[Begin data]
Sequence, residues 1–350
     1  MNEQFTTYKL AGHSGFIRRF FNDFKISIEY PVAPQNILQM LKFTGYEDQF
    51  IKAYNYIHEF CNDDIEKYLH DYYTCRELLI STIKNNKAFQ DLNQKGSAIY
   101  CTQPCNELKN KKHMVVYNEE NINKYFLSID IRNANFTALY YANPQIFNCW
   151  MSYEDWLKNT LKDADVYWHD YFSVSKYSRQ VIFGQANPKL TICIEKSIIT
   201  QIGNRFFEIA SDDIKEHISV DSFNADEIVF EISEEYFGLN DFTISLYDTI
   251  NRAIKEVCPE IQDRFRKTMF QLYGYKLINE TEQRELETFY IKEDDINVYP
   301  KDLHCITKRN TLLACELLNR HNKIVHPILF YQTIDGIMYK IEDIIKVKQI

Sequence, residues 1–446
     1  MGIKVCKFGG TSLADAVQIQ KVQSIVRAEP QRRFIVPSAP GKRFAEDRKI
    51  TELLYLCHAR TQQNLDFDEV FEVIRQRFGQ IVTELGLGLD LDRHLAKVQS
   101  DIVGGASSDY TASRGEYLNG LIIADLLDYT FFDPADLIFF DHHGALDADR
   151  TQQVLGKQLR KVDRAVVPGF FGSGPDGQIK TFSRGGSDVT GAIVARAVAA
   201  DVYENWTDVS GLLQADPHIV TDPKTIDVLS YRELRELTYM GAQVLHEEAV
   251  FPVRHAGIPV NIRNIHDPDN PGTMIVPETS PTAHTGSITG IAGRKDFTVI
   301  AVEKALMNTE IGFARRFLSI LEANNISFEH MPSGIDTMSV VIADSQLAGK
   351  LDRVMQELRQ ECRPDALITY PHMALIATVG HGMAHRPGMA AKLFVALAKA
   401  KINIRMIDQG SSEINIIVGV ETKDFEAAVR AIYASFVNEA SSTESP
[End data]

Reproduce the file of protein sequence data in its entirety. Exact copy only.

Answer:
Sequence, residues 1–350
     1  MNEQFTTYKL AGHSGFIRRF FNDFKISIEY PVAPQNILQM LKFTGYEDQF
    51  IKAYNYIHEF CNDDIEKYLH DYYTCRELLI STIKNNKAFQ DLNQKGSAIY
   101  CTQPCNELKN KKHMVVYNEE NINKYFLSID IRNANFTALY YANPQIFNCW
   151  MSYEDWLKNT LKDADVYWHD YFSVSKYSRQ VIFGQANPKL TICIEKSIIT
   201  QIGNRFFEIA SDDIKEHISV DSFNADEIVF EISEEYFGLN DFTISLYDTI
   251  NRAIKEVCPE IQDRFRKTMF QLYGYKLINE TEQRELETFY IKEDDINVYP
   301  KDLHCITKRN TLLACELLNR HNKIVHPILF YQTIDGIMYK IEDIIKVKQI

Sequence, residues 1–446
     1  MGIKVCKFGG TSLADAVQIQ KVQSIVRAEP QRRFIVPSAP GKRFAEDRKI
    51  TELLYLCHAR TQQNLDFDEV FEVIRQRFGQ IVTELGLGLD LDRHLAKVQS
   101  DIVGGASSDY TASRGEYLNG LIIADLLDYT FFDPADLIFF DHHGALDADR
   151  TQQVLGKQLR KVDRAVVPGF FGSGPDGQIK TFSRGGSDVT GAIVARAVAA
   201  DVYENWTDVS GLLQADPHIV TDPKTIDVLS YRELRELTYM GAQVLHEEAV
   251  FPVRHAGIPV NIRNIHDPDN PGTMIVPETS PTAHTGSITG IAGRKDFTVI
   301  AVEKALMNTE IGFARRFLSI LEANNISFEH MPSGIDTMSV VIADSQLAGK
   351  LDRVMQELRQ ECRPDALITY PHMALIATVG HGMAHRPGMA AKLFVALAKA
   401  KINIRMIDQG SSEINIIVGV ETKDFEAAVR AIYASFVNEA SSTESP